As kids, we always wanted a treehouse to camp out in. As adults, well, we still want a treehouse to camp out in. Lucky for us, back in 2012 the team over at Tentsile revealed the prototype for a portable treehouse tent. After a lot of testing and failing and testing again, they finally introduced the Stingray. A three person suspended hammock tent. This spring we were very excited to have the opportunity to try this interesting concept out! With camping season in full force we couldn’t wait to get the Stingray out and into the trees!
- Set up time: 15 minutes
- Seasons: 4
- Size: 4.2 x 4.2 x 4.2m / 14 x 14 x 14ft
- Pack Down Size: 59 x 25 x 25cm / 25 x 10 x 10in
- Floor area: 7.5m² / 80ft²
- Dry Porch Area with Fly: 15m² / 160ft²
- Interior Height Unloaded: 120cm / 4ft
- Weight: 8.5kg/ 18lbs
- Poles: 2 x 8.5mm diameter anodised aluminium alloy 7001 T6
- Roof: Tear resistant insect mesh. It offers protection against the smallest sand flies
- Flysheet: Removable 70D PU coated waterproof polyester, 3000HH, in a choice of colours. Area 160ft² / 14m²
- Floor fabric: 240D inclined joint nylon-polyester composite fabric reinforced with 20+ metres of seatbelt
- Ratchets & Straps: 3 x Straps and heavy-duty ratchets buckles- 2.5 ton minimum breaking strength
- Pegs: 3 x Giant Pegs
- Maximum Capacity: 3 adults and their gear or 2 adults and 2 children
- Maximum Load: 400kg / 880lbs
- Fire Rating: Fire resistance meets USA CPAI-84 and Canadian FR16
A triangle shaped three person floating tent, hammock, hammock tent, tree tent? It’s been called many names but its main function is a suspended tent with some hammock like features. The Stingray utilizes three trees (or other large anchors) to keep the tent elevated off the ground. The ratchet straps allow you to adjust the length of each corner for proper tension, since it is practically impossible to find three trees that are of equal distance.
The feature that makes it most like a hammock is the internal webbing support. You can adjust the three straps, found on the bottom side of the floor, to give each person their own “hammock pocket”. Two poles hold up the mesh roof of the tent and you actually have plenty of head space to sit up. The flysheet just lays directly over top and can be secured in two ways (as noted below in “assembly”). The only issue with design that we have is the flysheet. Instead of just rolling and tying up the flysheet on the front, as the current way of doing it, we would have liked to see a type of overhang above the big front door where you can still look out and not have to worry about rain coming in. Not a deal breaker though! This tent can hold a whopping 880 pounds, however the tent itself weighs 18 pounds. This means that it’s not ideal (unless you carry minimal other items in your pack) for long overnight hikes.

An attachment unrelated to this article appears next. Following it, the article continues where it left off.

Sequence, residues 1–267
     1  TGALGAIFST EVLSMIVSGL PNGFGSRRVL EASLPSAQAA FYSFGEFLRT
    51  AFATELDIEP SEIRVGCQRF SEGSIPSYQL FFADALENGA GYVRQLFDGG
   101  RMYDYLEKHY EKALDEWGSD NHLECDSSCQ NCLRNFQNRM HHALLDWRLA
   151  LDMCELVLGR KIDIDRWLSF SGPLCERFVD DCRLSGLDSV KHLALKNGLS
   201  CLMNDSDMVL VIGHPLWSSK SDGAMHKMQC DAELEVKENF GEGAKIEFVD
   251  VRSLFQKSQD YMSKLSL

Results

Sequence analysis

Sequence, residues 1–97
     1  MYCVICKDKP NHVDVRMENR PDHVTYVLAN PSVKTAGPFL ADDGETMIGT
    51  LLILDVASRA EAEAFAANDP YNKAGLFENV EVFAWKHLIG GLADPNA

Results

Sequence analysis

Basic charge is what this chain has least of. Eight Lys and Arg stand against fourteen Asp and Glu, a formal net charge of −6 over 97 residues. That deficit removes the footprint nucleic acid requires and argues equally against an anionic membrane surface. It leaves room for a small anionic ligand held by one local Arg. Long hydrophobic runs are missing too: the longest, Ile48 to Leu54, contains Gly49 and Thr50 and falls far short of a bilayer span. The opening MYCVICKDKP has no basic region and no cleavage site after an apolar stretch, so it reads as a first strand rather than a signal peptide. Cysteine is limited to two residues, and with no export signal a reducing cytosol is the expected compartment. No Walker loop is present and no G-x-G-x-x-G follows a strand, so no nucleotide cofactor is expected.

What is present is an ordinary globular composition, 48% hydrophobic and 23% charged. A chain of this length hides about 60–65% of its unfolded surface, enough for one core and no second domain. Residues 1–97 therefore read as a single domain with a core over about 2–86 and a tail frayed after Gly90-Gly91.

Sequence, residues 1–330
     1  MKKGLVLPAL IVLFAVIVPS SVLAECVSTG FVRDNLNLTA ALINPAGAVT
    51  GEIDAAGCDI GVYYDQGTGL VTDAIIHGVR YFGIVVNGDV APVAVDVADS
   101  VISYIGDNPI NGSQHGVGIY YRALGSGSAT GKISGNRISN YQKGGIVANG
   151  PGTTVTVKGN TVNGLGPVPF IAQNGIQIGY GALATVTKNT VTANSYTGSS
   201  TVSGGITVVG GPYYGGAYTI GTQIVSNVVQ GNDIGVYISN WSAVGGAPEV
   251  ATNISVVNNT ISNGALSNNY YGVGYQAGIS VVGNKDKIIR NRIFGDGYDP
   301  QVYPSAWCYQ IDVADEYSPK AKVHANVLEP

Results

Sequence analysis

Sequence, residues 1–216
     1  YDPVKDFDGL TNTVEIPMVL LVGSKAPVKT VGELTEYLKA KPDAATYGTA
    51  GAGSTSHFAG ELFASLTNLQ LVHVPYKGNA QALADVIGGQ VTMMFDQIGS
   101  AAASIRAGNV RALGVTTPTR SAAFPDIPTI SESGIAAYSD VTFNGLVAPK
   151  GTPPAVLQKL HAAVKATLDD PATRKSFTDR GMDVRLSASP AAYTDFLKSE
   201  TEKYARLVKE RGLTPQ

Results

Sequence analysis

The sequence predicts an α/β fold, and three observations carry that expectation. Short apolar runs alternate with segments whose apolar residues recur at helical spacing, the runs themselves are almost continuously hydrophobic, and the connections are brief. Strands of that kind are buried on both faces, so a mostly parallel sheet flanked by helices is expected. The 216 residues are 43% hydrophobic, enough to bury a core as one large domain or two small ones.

Before taking it out for a long camping trip, we recommend setting it up close to home for some practice. The instructions that are included with it are basic and somewhat uninformative (and don’t include anything about how to attach the flysheet), so we had to watch some of the video’s on the Tentsile website for better instructions and tips. Once we got it figured out, it didn’t take too long to set up. The hardest part is finding the trees. It took some tweaking of the strap lengths to get even tension all around. We hung the tent about 4 feet off the ground for the first time out, for a couple reasons. One, for safety since it was the first time up in the air. And two, we didn’t have a ladder to use if we put it any higher. The Tentsile ladder is not included when you purchase any of the tents. They do this because they do not suggest hanging the tents any higher than about 4 feet off the ground. Safety first! We were glad to only be 4 feet off the ground. We learned it is very important to make sure that the ratchets are all set to the locked position. We had one not fully locked and it started to slip. Lesson learned.
[vimeo 129435784 w=750 h=420]
Once we kicked all the kids out (that was not easy) and got the weight balance figured out, sleeping comfortably was not an issue. It was better than sleeping on the hard ground, but not as “claustrophobic” as sleeping in a hammock that sucks you in. We were able to sleep on our backs or sides with ease. During the trial run we did notice that we all started to slant towards the heaviest person, but after some adjusting of the webbing straps we were back to normal. We haven’t tried the Stingray in the winter yet, but Tentsile claims that it is a 4-season tent with proper gear. We look forward to taking it through all the seasons.
We only had one concern in the durability category. We noticed a lot of tension pulling near the bottom corners of the zipper on the “front door” and some of the teeth on the zipper chain had begun to bend and almost break off. This may just be a user error and we may not be adjusting all the straps properly, but it is definitely an issue that needs to be considered.
While it is a bit high on the price scale, it is important to remember what it actually is that you are getting. You get a tent that’s a hammock or a hammock that’s a tent. Most importantly…you get your childhood treehouse that you can take [almost] anywhere. The design concept and durability (thus far) makes the price point justifiable.
- It's a portable treehouse!
- It can hold 3 large adults and is suitable for 4 seasons.
- Did we mention it is a portable treehouse!?
- It is very heavy and not suitable for long hikes.
- The included instructions lack important details.